Starbucks Corporation has prided itself on its self-consciously woke atmosphere and its welcoming spirit. But some Starbucks stores have turned into gang hangouts and become dangerous havens for drug dealers and other criminals.
Starbucks has decided to close 16 stores over the next few weeks because workers are reporting criminal activity and open drug use. The company said it will shutter six stores each in the Seattle and Los Angeles areas, two in Portland, Ore., and single locations in Philadelphia and Washington, D.C. by the end of the month.
After an incident in 2018 that went viral involving two black customers who were asked to leave when they didn’t purchase anything, the company closed all 4,000 stores in the U.S. for a day of “racial bias training.” The company also opened their restrooms to all — customers or not. The result was predictable.
Starbucks also said that it would give store managers leeway to close restrooms, limit seating or reduce operations in response to safety concerns. The moves are part of policies aimed at addressing workers’ concerns, including about their safety on the job, the company said.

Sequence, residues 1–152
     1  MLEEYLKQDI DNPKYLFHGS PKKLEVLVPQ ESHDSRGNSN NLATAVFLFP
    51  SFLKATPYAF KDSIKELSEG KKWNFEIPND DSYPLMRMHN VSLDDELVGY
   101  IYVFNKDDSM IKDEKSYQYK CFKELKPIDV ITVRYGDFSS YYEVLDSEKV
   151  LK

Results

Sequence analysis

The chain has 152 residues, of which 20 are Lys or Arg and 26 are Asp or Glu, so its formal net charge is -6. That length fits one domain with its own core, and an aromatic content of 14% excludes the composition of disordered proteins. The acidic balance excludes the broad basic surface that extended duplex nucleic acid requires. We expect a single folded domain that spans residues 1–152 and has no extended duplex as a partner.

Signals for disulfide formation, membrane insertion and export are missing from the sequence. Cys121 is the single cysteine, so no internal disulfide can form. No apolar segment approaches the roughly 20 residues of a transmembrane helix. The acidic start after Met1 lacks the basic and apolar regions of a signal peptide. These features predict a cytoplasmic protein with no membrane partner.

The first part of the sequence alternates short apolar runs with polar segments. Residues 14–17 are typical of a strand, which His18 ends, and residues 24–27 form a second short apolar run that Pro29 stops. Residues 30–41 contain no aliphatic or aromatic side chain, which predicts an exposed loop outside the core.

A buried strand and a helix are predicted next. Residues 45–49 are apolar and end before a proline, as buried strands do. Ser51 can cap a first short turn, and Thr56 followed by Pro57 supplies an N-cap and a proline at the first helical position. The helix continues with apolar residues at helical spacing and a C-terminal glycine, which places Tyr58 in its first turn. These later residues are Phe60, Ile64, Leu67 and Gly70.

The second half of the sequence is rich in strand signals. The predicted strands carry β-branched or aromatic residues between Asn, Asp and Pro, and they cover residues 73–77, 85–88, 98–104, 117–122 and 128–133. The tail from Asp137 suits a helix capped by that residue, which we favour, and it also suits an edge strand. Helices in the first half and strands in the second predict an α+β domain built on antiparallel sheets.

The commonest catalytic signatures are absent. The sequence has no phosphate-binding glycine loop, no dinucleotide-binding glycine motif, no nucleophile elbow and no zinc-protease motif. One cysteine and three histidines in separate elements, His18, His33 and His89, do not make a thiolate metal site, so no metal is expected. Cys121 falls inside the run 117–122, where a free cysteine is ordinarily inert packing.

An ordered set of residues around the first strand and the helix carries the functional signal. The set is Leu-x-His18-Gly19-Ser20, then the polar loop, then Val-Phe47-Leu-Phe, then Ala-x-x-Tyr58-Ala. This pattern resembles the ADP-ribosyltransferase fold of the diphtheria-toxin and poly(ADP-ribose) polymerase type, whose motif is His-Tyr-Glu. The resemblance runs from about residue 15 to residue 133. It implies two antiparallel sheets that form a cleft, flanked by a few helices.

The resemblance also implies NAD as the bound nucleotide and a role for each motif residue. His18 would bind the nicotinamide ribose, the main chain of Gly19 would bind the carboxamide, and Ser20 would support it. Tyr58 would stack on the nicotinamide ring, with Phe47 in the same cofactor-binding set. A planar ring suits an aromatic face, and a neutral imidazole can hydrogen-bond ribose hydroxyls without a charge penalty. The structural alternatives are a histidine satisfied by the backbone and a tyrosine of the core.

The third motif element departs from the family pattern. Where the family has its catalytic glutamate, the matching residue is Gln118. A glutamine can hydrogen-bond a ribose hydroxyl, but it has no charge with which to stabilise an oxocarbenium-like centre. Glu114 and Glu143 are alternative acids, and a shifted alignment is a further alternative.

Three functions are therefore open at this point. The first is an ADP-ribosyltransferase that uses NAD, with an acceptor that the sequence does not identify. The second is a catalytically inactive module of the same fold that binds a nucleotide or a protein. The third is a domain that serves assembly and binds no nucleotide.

Managers can continue to change store layouts if needed, including limiting seating to customers, the spokeswoman said. The company said it would provide additional guidance to baristas in how to deal with active shooter scenarios and conflict de-escalation at work.
“Like so much of the world right now, the Starbucks business as it is built today is not set up to fully satisfy the evolving behaviors, needs and expectations of our partners or customers,” CEO Howard Schultz wrote in a letter to employees Monday. In fact, most of the complaints were from employees who felt that Starbucks had become unsafe.
In Seattle, where six stores will be closed, the reasons are self-evident to residents.
For neighbors it’s yet another wake-up call for the city to keep communities and businesses safe.
“Get some better leadership and do something about this,” [resident Serena] Law said. “City ordinances: let’s enforce them. Let’s give the police their power back. Let’s get the city back together because right now it’s sad.”
KOMO News reached out to Mayor Bruce Harrell’s Office about the closures. His office sent a statement to KOMO News saying: “Mayor Harrell is committed to making Seattle a safe and welcoming place for workers, employers, and residents. While longstanding issues cannot be solved overnight, the mayor will continue to drive innovative public safety improvements by addressing crime, restoring SPD staffing, investing in community-based solutions, and activating neighborhoods and business districts. Whether a business has 400,000 employees or four employees, Mayor Harrell believes they deserve to feel safe, heard, and supported as part of a vibrant and thriving Seattle economy.”
“Restoring staffing” for the police department? Who cut that staff in the first place, moron? Mayor Harrell is an expert at doublespeak (“activating neighborhoods and business districts”) but as far as doing what’s necessary to keep residents safe — not a chance.